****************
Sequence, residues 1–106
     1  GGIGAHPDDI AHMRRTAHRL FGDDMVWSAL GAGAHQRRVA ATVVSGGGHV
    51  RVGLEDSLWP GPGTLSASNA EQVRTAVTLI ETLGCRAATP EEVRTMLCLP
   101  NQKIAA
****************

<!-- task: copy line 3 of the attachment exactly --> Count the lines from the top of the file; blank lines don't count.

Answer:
    51  RVGLEDSLWP GPGTLSASNA EQVRTAVTLI ETLGCRAATP EEVRTMLCLP